Using the James Webb Space Telescope, scientists have confirmed the existence of the exoplanet LHS 475 b for the first time. The object located at a distance of 41 light years from the Earth is 95% of the volume of the Earth.
A science team at Johns Hopkins University's Applied Physics Laboratory, led by Kevin Stevenson and Jacob Lustig-Yaeger, first studied the exoplanet LHS 475 b with the TESS space telescope. The results of the study indicated that the scientists discovered a new planet, but to be sure of this, they decided to use the capabilities of James Webb as well.
The James Webb Near Infrared Spectrograph (NIRSpec) captured the exoplanet LHS 475 b in just two transit observations. Lustig-Yaeger said that there is no doubt that the planet exists, because preliminary data from the telescope confirms it. Kevin Stevenson, in turn, noted that they were impressed by the fact that LHS 475 b is a rocky planet.
According to Mark Clampin, director of the astrophysics division at NASA headquarters in Washington, the first results of observations of LHS 475 b open up many other opportunities for studying the exoplanet's atmosphere with James Webb. He said that the space telescope brings scientists even closer to understanding the terrestrial worlds outside the solar system in a new way.
According to NASA, of all the telescopes in operation, only the James Webb is able to present the atmospheric characteristics of Earth-sized exoplanets. The team of scientists tried to estimate the composition of the gas mantle of LHS 475 b by analyzing it using transmission spectroscopy. It is currently unknown whether the exoplanet has an atmosphere.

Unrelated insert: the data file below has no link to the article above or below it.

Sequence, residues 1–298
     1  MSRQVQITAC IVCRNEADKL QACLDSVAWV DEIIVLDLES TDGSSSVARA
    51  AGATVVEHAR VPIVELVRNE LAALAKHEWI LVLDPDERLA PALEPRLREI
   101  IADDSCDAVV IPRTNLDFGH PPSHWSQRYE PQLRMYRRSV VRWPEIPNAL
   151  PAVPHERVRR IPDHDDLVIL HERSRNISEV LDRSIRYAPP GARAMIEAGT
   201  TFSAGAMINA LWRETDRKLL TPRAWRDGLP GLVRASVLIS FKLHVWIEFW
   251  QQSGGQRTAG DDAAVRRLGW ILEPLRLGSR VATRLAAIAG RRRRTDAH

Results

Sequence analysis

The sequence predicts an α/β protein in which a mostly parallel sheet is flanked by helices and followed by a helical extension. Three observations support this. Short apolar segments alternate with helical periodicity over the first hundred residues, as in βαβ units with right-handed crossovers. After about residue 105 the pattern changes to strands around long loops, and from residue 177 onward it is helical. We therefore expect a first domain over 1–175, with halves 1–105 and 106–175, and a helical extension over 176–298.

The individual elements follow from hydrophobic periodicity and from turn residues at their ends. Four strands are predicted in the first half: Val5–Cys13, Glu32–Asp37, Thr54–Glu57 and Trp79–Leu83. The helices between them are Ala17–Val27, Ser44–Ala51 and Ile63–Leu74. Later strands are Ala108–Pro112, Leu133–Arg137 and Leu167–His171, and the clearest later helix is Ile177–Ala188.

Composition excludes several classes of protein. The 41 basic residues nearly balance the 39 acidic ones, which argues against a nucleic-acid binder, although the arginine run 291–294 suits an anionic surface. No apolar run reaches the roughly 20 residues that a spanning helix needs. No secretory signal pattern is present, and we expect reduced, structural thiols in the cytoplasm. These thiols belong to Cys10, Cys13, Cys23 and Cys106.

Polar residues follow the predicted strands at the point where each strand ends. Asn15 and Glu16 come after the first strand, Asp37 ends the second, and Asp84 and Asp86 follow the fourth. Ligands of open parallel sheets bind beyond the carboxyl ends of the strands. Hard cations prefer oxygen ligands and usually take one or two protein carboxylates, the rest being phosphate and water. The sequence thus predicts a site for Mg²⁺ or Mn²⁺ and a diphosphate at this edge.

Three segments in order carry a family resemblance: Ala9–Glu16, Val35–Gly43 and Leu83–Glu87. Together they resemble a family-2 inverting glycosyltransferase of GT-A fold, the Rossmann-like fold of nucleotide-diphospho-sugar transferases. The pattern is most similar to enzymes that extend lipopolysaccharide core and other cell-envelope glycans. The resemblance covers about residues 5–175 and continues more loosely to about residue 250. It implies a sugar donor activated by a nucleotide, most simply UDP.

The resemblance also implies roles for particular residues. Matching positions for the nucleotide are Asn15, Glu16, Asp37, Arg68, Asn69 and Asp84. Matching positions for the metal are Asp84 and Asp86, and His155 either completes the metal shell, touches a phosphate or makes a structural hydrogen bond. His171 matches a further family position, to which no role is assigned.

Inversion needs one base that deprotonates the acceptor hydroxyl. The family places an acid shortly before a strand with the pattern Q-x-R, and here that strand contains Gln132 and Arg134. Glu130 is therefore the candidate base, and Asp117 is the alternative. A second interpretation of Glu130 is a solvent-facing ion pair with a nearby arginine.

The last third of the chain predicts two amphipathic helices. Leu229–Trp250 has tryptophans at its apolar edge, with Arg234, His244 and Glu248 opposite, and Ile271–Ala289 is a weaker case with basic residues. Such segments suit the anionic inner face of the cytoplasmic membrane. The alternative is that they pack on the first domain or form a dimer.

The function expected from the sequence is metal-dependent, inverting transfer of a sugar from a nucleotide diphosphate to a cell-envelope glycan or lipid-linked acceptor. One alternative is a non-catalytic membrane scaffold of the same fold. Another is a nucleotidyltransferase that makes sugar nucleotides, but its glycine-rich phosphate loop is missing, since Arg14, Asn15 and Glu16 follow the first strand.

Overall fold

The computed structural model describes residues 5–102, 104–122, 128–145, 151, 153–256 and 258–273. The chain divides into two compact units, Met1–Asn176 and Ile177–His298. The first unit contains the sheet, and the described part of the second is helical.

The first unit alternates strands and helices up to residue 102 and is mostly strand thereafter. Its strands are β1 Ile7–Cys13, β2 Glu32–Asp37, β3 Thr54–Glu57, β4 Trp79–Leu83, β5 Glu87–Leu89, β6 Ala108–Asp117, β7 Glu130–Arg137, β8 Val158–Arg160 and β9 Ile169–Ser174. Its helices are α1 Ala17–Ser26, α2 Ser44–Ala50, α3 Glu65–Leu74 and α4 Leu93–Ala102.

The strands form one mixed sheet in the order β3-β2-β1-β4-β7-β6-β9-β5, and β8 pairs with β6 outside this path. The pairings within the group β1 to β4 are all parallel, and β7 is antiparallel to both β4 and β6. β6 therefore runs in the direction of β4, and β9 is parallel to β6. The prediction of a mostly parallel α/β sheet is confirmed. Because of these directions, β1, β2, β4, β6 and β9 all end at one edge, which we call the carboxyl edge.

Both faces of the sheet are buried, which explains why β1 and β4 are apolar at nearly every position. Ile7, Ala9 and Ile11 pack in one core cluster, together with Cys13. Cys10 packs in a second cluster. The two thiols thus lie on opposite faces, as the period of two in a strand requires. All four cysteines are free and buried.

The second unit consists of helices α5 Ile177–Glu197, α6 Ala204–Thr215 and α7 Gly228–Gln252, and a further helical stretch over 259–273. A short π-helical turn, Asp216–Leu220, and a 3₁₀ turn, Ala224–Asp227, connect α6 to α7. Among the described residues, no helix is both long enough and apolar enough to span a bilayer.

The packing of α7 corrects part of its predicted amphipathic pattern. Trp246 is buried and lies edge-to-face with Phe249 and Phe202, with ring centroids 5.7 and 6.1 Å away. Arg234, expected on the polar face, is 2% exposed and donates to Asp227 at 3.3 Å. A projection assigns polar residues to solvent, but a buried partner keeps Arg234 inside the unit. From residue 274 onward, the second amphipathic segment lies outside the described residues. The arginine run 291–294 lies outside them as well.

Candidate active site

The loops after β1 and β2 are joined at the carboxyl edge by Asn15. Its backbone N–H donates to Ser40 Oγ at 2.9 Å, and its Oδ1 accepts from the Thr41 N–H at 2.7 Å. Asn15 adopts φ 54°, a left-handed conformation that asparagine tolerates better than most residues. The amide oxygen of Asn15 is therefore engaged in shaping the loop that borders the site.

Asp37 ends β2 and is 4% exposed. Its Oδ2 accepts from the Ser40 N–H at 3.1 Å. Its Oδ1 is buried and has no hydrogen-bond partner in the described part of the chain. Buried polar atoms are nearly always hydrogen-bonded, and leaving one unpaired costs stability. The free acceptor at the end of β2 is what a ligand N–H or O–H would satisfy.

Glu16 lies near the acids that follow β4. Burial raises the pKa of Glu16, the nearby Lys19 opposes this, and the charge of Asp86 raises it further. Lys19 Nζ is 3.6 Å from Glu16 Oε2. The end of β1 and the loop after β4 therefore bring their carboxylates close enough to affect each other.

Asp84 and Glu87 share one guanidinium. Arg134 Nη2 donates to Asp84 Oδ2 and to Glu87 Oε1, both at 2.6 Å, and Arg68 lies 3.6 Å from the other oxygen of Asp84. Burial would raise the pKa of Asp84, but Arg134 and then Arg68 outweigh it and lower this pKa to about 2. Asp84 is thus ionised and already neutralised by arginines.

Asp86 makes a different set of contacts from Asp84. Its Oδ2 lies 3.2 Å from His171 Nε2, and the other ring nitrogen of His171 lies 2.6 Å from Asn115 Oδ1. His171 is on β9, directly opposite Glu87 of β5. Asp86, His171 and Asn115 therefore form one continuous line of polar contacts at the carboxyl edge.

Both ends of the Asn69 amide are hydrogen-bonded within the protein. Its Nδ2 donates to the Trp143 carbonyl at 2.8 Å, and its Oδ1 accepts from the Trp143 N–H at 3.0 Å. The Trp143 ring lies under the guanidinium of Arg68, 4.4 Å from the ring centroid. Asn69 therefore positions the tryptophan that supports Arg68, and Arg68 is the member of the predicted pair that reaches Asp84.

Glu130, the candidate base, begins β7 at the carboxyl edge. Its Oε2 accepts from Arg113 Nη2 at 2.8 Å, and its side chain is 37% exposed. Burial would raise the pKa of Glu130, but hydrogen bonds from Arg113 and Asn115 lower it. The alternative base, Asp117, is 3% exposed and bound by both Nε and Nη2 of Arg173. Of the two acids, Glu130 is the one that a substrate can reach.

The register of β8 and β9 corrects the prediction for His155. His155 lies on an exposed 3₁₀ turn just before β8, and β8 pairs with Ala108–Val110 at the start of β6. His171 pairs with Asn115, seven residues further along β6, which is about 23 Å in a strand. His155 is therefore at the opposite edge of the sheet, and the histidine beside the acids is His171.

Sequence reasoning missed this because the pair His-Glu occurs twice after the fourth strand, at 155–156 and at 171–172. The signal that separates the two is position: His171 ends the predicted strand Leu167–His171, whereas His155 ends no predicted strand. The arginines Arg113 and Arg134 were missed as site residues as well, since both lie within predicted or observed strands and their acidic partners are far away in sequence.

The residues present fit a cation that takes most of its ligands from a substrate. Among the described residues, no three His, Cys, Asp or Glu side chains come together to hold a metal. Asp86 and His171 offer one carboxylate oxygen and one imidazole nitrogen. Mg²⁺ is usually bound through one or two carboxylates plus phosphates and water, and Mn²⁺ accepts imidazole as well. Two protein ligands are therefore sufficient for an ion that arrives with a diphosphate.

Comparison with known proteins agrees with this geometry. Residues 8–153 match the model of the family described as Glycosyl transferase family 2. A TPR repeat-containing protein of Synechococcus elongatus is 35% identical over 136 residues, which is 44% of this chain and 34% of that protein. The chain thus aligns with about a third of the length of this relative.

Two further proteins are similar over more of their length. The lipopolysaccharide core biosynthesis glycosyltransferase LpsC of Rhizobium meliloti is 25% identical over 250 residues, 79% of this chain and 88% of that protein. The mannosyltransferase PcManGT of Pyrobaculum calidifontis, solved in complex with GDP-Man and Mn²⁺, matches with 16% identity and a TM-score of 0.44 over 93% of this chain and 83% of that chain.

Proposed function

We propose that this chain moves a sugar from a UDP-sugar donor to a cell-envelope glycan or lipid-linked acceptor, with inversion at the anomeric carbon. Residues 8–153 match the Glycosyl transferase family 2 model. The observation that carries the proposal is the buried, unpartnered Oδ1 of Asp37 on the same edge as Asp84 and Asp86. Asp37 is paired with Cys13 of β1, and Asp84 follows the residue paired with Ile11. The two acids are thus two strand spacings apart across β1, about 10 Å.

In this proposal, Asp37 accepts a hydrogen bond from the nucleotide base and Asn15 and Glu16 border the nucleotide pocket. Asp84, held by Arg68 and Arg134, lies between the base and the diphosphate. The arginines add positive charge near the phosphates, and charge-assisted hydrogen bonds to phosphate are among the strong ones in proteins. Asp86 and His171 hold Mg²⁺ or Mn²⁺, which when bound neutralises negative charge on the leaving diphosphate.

Erin May of Johns Hopkins University's Applied Physics Laboratory said the James Webb telescope is so sensitive that it can easily detect a variety of molecules, but astronomers still cannot draw any definitive conclusions about LHS 475 b's atmosphere. And according to Lustig, the exoplanet cannot have such a thick atmosphere dominated by methane, as is the case with Saturn's moon Titan.
Data from James Webb also showed that LHS 475 b is several hundred degrees hotter than Earth. If scientists find clouds above the planet, it will have something in common with Venus, which has a carbon dioxide atmosphere.
LHS 475 b orbits the red dwarf exoplanet LHS 475 in two days. LHS 475 b is closer to its star than any other planet in the solar system.